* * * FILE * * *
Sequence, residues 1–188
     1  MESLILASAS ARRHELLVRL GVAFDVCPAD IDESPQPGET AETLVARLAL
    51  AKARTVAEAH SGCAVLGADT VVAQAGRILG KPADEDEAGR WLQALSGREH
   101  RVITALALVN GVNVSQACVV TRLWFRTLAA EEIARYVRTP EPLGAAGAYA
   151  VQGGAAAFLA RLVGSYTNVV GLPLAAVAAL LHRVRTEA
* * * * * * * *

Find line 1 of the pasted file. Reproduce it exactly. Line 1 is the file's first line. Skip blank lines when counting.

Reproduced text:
Sequence, residues 1–188